Mangosteen juice, a fruit from an Asian tree, has the power to slow the formation of kidney stones and dissolve the smallest ones. A very practical solution for people affected by this painful condition.
A kidney stone is caused by the crystallization of substances present in the urine. These crystals (composed of calcium oxalate in the majority of cases) can then form a calculus (stone) of varying size, ranging from the size of a grain of sand to that of a golf ball.
Very small stones can be removed without problem, but larger ones disrupt the flow of urine produced by the kidneys. When a stone blocks this flow, urine collects in the kidney and the resulting increase in pressure activates the nerves in this region (iliohypogastric, ilioinguinal and genitofemoral). This results in a lightning pain, of very great intensity, which is felt in the lower back with irradiation towards the genitals.
Even if most of the stones are eliminated spontaneously, without intervention, the management of more difficult cases has fortunately improved with the development of ultrasound (extracorporeal lithotripsy) which pulverizes the stones through the skin, without invasive procedures, and allows their evacuation by natural means
12% of men and 7% of affected women
Kidney stones are estimated to affect approximately 12% of men and 7% of women, and this incidence is steadily increasing due to an increase in several risk factors (obesity, diabetes, hypertension). Unfortunately, our preventive approach to kidney stones has not changed much over the past 29: we mainly recommend people at risk of drinking lots of water, while avoiding certain foods high in oxalate such as rhubarb, spinach, tea, chocolate or almonds. This preventive strategy has its limits, however, and more effective therapeutic alternatives are necessary if we really want to reduce the incidence of kidney stones in the population.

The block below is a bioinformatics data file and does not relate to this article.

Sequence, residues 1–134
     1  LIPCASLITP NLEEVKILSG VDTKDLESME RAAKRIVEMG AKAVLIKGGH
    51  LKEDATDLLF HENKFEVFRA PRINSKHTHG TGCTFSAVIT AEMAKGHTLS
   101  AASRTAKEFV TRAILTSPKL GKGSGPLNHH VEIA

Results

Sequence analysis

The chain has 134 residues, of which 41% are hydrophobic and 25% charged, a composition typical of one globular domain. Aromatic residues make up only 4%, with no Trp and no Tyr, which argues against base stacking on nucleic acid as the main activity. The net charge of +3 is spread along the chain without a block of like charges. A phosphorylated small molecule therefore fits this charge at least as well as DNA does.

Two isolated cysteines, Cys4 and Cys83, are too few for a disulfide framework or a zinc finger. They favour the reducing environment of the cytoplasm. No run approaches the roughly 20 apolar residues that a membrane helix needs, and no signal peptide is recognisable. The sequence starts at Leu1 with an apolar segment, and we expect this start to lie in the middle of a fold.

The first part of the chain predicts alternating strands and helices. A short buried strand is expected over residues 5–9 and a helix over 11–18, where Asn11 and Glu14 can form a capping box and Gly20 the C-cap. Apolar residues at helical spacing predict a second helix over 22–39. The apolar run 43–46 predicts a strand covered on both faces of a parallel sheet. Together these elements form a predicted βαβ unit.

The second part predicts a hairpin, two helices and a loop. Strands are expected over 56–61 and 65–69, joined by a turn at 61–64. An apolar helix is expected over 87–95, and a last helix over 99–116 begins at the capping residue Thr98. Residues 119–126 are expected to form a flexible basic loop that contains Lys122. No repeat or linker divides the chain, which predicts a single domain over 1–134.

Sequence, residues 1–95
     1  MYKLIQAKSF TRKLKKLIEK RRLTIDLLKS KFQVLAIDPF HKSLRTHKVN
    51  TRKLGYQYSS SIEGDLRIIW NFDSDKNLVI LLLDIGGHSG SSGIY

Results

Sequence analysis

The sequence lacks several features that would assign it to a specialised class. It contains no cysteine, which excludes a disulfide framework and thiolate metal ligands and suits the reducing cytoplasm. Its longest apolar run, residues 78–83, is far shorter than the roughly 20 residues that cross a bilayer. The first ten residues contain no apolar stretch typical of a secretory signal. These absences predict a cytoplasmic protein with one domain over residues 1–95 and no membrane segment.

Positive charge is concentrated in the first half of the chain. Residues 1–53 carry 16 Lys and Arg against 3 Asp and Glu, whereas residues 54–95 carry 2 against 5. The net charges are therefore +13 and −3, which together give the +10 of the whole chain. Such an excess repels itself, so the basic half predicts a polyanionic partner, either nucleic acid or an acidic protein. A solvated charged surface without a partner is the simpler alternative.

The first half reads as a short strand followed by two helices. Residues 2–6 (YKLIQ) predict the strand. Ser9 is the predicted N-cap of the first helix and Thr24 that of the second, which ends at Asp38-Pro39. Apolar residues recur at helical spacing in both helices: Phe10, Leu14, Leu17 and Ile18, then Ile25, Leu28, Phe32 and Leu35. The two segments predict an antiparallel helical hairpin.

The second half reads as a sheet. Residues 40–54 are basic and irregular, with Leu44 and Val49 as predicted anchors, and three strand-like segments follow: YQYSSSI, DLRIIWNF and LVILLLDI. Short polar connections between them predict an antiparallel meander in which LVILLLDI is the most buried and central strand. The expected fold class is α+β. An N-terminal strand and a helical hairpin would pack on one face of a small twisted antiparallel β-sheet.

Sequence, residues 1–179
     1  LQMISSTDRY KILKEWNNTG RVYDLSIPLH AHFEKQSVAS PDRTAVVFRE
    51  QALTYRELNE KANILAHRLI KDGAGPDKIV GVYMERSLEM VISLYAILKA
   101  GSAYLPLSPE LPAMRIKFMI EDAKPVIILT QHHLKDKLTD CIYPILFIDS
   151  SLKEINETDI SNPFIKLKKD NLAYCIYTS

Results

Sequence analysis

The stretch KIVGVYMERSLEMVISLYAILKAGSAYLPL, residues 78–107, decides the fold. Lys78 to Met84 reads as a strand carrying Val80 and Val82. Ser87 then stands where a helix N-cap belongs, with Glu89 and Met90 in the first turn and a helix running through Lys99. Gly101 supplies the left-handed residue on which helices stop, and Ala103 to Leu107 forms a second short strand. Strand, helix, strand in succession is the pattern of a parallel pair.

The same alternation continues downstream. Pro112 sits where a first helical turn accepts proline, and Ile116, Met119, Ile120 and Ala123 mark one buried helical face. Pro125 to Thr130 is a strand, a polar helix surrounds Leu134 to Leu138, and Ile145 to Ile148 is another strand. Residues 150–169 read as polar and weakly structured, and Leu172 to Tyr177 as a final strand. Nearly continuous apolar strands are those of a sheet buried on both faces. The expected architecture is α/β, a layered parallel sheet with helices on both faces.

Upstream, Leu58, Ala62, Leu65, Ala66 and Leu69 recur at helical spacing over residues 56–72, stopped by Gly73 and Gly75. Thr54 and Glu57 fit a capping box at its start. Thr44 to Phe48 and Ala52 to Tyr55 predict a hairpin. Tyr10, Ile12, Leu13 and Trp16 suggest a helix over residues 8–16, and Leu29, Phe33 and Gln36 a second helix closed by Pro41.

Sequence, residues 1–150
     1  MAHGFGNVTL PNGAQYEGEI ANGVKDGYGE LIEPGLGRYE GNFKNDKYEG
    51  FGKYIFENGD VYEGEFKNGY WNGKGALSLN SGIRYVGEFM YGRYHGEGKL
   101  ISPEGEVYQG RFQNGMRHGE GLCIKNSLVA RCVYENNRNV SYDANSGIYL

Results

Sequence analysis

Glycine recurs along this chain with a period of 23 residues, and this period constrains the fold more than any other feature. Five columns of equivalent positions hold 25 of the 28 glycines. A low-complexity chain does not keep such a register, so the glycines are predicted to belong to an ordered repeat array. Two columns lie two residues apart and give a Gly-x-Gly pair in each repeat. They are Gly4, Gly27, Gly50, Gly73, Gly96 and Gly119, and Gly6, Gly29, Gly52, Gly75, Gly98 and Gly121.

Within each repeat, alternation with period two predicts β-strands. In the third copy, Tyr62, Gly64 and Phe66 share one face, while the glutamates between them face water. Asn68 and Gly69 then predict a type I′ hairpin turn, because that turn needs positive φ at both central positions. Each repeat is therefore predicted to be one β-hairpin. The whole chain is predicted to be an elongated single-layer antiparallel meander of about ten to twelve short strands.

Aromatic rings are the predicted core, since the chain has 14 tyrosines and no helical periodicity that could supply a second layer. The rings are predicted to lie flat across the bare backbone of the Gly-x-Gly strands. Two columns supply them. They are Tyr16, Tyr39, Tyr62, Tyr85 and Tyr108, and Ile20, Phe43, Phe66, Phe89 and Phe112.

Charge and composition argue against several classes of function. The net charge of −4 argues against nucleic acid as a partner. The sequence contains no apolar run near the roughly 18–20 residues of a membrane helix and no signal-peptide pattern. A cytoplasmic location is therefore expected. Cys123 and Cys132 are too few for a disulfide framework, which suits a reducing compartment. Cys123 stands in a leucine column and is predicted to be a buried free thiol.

Results recently published in the journal Nature suggest the existence of a promising new approach to slow the growth of oxalate crystals of calcium and thus prevent stone formation.
A team of American scientists has made the interesting discovery that the addition of hydroxycitrate causes these crystals to dissolve. This unusual property is thought to be due to the ability of hydroxycitrate to bind strongly to the surface of crystals, which causes tension in their structure and leads to the release of calcium and oxalate. This anti-crystal effect of hydroxycitrate is more pronounced than that of citrate, a molecule often used for the prevention of kidney stones, but whose effectiveness is limited due to intolerable side effects in some people.
The efficacy of hydroxycitrate in preventing kidney stones remains to be established in subsequent clinical trials, but preliminary results are encouraging. The addition of the molecule to the urine of patients affected by kidney stones shows that it decreases the formation of oxalate crystals.
In parallel, administration to volunteers Mangosteen extracts, an Asian fruit very rich in hydroxycitrate, shows that the molecule is indeed secreted by the urine, which slows down the formation of crystals and the elimination of the smallest ones.
Chung J et al. Molecular modifiers reveal a mechanism of pathological crystal growth inhibition. Nature, 2016; 536: 291 – 50.
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